Back for more of Quahog's worst family
The Story So Far...
This DVD set is the series' 15th home-video release. Eschewing traditional season sets for shorter "volume" releases, the first eight seasons have made it to DVD, while several one-disc releases collect special and un-aired episodes. DVDTalk has reviews of each release.
If further proof is needed as to the series' ability to succeed without its usual crutches, it can be found in "And Then There Were Fewer..." a mystery in Family Guy clothing. Series semi-regular James Woods gathers the town people for dinner, hoping to atone for his past wrongs, but someone starts bumping them off, leaving the group to figure out who the killer is and escape with their lives. Though the cutaways are present, they are worked into a genuine storyline, that's both well-crafted and funny, feeling like a quality parody of the Agatha Christie school of mysteries. It may be close to blasphemy to say so, but there's definitely a touch of Clue to the proceedings. The quality story is matched step-by-step by the animation (in the series' first widescreen episode) and music, both of which may be the best the show's ever produced (which is no feint praise.) The series may find itself in a rut at times, going to the same comedy well again and again, but when inspiration strikes, they take the show to another level.
As is often the case with this series, there's always an attempt to push the envelope, including episodes focusing on suicide and sex changes, but "Extra Large Medium" is one of the show's most controversial to reach airwaves, and it's mainly due to a throwaway joke. Following a life-changing event, Chris (Seth Green) decides to finally ask out a girl he likes, and it so happens that she has Down's syndrome. This leads to one of the finest songs the show's produced to date in "Down's Syndrome Girl," as well as a line where the girl notes that he mom was the former governor of Alaska. It's hard to figure out what the joke really is (it's not really making fun of anyone, be it Palin or people with Down's) but it pissed off a lot of people. Fortunately, the rest of the episode, especially that song, makes the headaches worth it, as Chris struggles with his feelings for his special gal and Brian's attempts to break Lois of her belief in psychics accidentally convinces Peter he actually is psychic.
Though the series proudly sees the world from a liberal point-of-view, savaging republicans and conservatives at every chance, "Excellence in Broadcasting" stands as an unusual team-up, with Rush Limbaugh giving voice to himself, as he visits Quahog and gets what could be considered a friendly reception (at least by Family Guy standards.) Yes, there are jokes about the Republicans and Limbaugh himself, but he doesn't get it too rough, and if anyone comes off badly, it's Brian, who is easily swayed by Limbaugh into selling out his own convictions. It's rather odd to see, and makes one wonder what went on behind the scenes to make it happen, as MacFarlane doesn't seem the type to play nice, and the idea of Limbaugh working in tandem with an atheist pot advocate is mind-bending.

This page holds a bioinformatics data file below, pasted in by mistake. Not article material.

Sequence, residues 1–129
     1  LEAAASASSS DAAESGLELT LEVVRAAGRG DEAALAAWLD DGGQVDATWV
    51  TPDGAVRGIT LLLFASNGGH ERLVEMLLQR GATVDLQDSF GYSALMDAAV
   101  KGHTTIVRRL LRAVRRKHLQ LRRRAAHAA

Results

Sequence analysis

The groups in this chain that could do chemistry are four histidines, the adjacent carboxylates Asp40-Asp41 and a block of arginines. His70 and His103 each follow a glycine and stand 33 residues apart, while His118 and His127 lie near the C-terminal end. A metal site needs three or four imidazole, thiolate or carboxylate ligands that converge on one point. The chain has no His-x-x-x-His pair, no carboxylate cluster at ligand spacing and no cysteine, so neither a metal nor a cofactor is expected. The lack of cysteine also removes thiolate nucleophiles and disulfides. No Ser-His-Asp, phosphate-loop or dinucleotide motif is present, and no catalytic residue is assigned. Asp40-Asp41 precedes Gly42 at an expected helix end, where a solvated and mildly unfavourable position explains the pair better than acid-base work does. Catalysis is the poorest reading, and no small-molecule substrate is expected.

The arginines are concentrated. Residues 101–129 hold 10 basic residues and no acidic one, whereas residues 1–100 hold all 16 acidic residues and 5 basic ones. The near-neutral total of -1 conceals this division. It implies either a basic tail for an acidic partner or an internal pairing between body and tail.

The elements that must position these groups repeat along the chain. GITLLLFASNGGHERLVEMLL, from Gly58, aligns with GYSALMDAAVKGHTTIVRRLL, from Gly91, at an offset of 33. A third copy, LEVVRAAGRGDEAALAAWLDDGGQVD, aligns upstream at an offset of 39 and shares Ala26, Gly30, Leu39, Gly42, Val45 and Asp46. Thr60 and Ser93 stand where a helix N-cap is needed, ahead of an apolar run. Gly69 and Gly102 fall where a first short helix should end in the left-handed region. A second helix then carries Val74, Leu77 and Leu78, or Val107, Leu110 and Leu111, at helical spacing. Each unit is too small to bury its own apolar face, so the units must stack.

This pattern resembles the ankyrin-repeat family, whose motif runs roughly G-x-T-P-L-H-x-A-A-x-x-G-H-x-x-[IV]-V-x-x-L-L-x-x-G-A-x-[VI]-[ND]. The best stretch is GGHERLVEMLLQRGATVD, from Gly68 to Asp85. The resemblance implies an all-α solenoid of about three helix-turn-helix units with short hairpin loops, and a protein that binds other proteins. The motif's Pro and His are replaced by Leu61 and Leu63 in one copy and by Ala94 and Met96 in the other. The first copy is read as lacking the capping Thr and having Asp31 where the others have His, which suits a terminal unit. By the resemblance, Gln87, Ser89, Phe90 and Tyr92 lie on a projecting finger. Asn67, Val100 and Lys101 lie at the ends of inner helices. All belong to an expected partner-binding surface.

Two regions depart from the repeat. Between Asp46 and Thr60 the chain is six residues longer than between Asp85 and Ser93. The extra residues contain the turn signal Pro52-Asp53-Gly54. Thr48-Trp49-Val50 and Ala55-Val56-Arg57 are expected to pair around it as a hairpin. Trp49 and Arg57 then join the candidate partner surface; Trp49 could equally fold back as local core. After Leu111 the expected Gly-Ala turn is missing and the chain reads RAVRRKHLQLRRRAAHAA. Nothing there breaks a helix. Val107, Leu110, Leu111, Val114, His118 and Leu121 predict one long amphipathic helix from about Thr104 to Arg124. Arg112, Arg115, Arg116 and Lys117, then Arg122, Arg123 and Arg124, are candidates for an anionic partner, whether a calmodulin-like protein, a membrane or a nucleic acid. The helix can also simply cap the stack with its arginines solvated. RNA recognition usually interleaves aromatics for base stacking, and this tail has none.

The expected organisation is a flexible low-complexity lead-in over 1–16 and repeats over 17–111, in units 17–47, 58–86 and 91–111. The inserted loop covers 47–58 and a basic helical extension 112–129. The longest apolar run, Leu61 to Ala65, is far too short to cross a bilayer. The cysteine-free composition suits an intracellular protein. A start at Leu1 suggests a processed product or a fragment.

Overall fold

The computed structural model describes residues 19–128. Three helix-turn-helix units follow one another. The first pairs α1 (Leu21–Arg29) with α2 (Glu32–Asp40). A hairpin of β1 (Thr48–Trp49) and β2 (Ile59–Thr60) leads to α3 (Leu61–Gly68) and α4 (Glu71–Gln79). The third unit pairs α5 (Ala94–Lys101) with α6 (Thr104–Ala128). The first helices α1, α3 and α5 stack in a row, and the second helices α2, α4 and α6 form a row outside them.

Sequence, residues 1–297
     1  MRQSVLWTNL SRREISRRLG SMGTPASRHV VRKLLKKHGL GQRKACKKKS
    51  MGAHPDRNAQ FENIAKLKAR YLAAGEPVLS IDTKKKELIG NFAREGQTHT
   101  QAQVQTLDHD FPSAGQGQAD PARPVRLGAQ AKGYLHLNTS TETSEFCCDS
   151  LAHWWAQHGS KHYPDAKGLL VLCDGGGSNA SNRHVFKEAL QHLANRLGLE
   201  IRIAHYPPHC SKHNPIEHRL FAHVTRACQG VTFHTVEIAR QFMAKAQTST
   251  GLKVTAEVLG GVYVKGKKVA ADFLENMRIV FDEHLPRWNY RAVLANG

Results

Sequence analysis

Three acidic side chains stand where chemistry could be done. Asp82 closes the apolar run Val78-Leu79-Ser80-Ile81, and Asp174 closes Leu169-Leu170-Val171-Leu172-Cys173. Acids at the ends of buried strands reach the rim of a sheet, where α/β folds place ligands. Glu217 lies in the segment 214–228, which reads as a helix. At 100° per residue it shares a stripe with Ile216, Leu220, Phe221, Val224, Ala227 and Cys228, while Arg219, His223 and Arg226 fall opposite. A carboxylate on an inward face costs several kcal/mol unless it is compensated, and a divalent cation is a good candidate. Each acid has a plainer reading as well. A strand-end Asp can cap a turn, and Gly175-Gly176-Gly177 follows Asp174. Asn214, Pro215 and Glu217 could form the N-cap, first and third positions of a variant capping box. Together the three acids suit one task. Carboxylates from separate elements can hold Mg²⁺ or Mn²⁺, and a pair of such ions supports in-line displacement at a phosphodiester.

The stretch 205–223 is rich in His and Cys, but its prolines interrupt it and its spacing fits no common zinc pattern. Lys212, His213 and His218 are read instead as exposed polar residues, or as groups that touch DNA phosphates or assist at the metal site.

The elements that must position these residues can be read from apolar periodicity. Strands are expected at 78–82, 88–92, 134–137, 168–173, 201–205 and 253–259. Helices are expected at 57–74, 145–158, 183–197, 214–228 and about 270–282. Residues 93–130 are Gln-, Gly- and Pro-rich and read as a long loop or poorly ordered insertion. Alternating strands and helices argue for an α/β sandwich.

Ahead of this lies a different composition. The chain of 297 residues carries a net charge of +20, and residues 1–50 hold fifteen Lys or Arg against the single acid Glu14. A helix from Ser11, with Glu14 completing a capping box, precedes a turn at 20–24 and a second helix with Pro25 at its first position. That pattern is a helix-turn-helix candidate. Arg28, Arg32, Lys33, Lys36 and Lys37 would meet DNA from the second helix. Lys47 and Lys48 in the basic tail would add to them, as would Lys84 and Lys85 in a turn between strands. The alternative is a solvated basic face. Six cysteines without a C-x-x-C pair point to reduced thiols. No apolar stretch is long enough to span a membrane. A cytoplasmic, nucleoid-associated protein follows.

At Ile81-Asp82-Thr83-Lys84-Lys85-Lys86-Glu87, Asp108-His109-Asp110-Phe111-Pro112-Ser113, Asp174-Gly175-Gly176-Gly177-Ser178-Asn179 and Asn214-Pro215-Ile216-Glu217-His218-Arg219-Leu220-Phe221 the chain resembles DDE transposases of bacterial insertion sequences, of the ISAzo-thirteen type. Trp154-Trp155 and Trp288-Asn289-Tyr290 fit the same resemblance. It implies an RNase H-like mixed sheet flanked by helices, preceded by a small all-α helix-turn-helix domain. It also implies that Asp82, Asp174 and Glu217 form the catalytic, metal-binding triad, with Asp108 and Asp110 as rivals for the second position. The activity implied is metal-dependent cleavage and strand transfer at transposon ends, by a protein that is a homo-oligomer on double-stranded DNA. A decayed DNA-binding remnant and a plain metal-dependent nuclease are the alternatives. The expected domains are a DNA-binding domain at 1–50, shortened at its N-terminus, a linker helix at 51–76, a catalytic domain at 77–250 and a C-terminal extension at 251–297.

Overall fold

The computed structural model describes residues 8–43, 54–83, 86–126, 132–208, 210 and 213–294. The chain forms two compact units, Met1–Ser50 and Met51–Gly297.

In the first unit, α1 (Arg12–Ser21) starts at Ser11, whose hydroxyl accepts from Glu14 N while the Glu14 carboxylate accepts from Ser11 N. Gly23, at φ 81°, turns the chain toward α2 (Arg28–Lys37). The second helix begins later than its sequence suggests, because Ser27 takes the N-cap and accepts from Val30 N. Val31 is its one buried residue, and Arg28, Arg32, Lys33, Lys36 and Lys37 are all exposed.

After selecting an episode, a static episode menu appears, offering options to play the episode, select chapters, adjust languages and check out the special features (which is the only way to access the commentaries in the menus.) The audio is presented in English Dolby Digital 5.1 and French and Spanish Dolby Digital 2.0 tracks, while subtitles are in English, Spanish, French and Portuguese (though there's no mention of that one on the box.) Closed captioning is also available.
The Dolby Digital 5.1 tracks follow the same pattern as previous releases, keeping the dialogue clean and clear, while offering up some neat atmospheric sound effects in the surrounds, as well as enhanced music cues, which creates a impressive aural feel, climbing above the average sitcom and living up to the show's ambitious music usage.
Here's a breakdown of the commentaries, which cover most of the big episodes in this set, though you would have expected one on "Extra Large Medium" or "Excellence in Broadcasting," as both seem ripe for insider insight:
A "missing scene" is included in the form of "The Comical Adventures of Family Guy - Brian and Stewie: The Lost Phone Call," motion comic-esque animation of a scene that didn't happen, presented here in a more cost-efficient manner, which works for a bit of content lacking in real value (though the animation is neat.) There's more low-cost material in the form of "The History of the World - According to Family Guy," which is essentially a 20-minute clip show, using scenes from the show tied to world history to create a faux-documentary of Earth. It's a bit interesting to see how many history gags the show's done, but since you've seem them before, it has as much worth as any clip show these days.
A pair of fun featurettes carry the slack for the rest of the set, starting with "Who Done It? The Making of 'And Then There Were Fewer'." which spends over 13 minutes on the production of one of the series' most ambitious episodes, with plenty of cast and crew interviews on the challenge of doing a murder-mystery in the Family Guy world.
Then you get the half-hour "Family Guy at Comic-Con 2010," which presents the show's panel from the annual geek get-together, this time featuring MacFarlane, Green, Alex Borstein and Patrick Warburton, while MacFarlane impressively performs "Down Syndrome Girl" live. The questions from the audience are a bit weak, but with this group, it's a fun time.
The extras wrap with an unconnected, but not extra, as you get "The Way the Cookie Crumbles," an episode of The Cleveland Show. It's not just the episode though, as Mike Henry does a cute on-camera intro, showing off the range of voices he does for both Family Guy and The Cleveland Show.
The Bottom Line